Christopher Papa ’02 (general fine arts) loves to tell stories, and animation gives him a unique outlet for his creative expression. There are few playgrounds for animators like Nickelodeon, the kids-based network built on creative irreverence and a natural home for outside-the-box thinkers like Papa, who is the director of animation for the network’s Brand team.
He has been nominated for five Emmy awards for promotional work for well-known shows including Dora the Explorer; Teenage Mutant Ninja Turtles; and SpongeBob SquarePants. In 2011, he won for the launch trailer for Bubble Guppies, which incorporated the drama of a big-budget movie trailer to reveal details about the new show featuring goldfish-sized mermaid children. Papa works out of the network’s New York offices in Times Square.
The Long Island native has always been inventive. Even before college, he was already drawing comic books and teaching himself interactive arts and animation. He enrolled at MICA before the current animation major was created, so he used the flexibility of the general fine arts major to combine painting and drawing classes with video and 3D design classes to create his own animation curriculum. For Papa, the most impactful elements of the experience were the critiques, which forced students to show and talk about their work in front of audiences.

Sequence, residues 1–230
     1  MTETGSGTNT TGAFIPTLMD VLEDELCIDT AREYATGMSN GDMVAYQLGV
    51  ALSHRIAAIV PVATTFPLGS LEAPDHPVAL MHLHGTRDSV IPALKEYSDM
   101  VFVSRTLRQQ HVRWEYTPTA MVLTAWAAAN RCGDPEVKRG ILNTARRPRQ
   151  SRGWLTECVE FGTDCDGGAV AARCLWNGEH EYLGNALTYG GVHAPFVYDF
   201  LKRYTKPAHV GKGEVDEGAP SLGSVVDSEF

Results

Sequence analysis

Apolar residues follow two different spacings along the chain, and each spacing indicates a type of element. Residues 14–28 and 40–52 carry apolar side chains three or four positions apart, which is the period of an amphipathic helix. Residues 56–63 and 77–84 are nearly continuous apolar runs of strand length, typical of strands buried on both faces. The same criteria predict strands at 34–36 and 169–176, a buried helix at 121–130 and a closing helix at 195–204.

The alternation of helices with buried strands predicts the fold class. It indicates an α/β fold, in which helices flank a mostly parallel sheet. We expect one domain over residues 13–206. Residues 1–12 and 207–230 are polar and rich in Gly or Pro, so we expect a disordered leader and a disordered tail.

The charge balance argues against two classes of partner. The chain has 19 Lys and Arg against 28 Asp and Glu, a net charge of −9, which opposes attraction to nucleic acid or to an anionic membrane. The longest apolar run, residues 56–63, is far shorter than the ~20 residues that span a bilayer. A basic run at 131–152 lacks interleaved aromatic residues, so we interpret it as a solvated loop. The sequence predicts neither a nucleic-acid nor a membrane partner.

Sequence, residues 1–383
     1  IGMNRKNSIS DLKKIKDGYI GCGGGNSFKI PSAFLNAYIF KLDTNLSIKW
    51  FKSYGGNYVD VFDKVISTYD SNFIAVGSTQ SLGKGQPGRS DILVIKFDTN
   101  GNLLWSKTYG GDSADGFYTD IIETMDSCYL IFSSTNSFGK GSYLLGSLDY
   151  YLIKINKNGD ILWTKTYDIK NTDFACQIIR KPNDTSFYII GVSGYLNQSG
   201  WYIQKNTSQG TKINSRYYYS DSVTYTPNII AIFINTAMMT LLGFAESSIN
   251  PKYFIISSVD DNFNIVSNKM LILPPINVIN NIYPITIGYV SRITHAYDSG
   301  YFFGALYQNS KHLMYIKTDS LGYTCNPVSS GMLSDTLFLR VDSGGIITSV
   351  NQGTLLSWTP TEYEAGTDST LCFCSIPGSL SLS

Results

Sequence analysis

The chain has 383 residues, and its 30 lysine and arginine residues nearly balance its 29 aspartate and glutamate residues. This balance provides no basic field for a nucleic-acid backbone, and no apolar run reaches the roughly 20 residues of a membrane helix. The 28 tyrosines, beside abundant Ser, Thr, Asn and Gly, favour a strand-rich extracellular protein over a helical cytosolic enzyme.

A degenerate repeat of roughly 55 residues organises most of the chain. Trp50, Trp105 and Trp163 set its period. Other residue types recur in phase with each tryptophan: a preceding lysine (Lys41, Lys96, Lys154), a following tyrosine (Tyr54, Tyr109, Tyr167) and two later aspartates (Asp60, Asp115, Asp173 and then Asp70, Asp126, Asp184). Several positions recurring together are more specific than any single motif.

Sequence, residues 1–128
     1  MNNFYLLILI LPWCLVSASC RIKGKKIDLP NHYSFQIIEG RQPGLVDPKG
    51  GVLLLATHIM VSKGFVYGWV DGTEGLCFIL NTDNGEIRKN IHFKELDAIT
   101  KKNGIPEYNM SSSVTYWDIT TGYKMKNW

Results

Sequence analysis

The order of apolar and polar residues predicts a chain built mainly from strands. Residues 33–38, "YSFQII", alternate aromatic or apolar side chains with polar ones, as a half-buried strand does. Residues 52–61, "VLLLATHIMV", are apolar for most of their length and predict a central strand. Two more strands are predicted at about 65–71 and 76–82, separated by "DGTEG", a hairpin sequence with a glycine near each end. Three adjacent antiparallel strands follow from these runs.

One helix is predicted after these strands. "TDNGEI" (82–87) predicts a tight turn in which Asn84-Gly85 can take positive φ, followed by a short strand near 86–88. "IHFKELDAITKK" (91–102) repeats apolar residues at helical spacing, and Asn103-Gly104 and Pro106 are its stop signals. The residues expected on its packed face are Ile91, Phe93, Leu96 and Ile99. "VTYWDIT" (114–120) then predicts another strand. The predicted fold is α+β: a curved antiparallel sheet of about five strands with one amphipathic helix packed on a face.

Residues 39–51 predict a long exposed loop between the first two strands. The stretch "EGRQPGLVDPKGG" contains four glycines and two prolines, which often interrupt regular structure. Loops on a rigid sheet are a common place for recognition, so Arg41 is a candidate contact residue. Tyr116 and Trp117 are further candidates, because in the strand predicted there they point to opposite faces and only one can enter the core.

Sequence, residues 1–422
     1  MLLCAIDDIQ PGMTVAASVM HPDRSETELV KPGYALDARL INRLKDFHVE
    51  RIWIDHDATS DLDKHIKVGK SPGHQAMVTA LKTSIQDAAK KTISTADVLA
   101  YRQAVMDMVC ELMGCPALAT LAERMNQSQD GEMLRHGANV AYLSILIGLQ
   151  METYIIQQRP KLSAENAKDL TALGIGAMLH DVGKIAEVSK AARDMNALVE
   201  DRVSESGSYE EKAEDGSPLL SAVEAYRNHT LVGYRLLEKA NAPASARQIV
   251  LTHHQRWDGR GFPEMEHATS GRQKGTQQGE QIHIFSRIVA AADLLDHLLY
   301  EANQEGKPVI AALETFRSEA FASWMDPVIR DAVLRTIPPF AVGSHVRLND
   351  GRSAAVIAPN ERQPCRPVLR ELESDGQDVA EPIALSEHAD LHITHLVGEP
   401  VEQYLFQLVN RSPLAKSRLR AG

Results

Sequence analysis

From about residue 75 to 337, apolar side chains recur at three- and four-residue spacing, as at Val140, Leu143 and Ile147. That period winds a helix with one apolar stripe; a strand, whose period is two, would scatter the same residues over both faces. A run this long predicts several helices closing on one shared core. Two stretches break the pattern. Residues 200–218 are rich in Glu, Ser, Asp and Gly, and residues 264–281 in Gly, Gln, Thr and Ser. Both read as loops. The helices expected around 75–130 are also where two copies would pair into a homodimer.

After MICA, Papa went on to get his graduate degree from New York University (NYU), where he expanded his understanding in technical areas of the field, including production and post-production. There he made connections in the industry that led him to the promotions team at Nick Jr., where he became a central creative voice. As one of the earliest animators working in promotions at Nick Jr., a younger brand in the Nickelodeon family gaining legions of international followers through shows like Dora, Papa quickly gained a mountain of experience and enhanced credibility at the company and within the industry.
Now, Papa is director of animation for the Brand team at Nickelodeon, where he oversees projects that raise visibility for individual shows, the network, and its associated properties overall. In addition to television, he also manages creative projects to address Nickelodeon’s store, online, mobile app, and packaging branding needs, like interactive billboards in Toys ‘R’ Us stores. His team is constantly looking for ways to expand the brand both on and outside of television, which led him to direct a series of online animation shorts for the network’s Legend of Korra series, for which he hired a MICA student to be an illustrator on the project.
The critique sessions Papa enjoyed at MICA were critical preparation for his current role. “It’s pretty much what my job is now—getting feedback, giving feedback, and trying to craft something with a team of people,” Papa said. He enjoys the “super short” storytelling format of promotions, which includes projects such as 5- to 15-second network identification, often themed around holidays. “It’s like sprints instead of marathons,” he said, though those “sprints” can often take four to six weeks to create.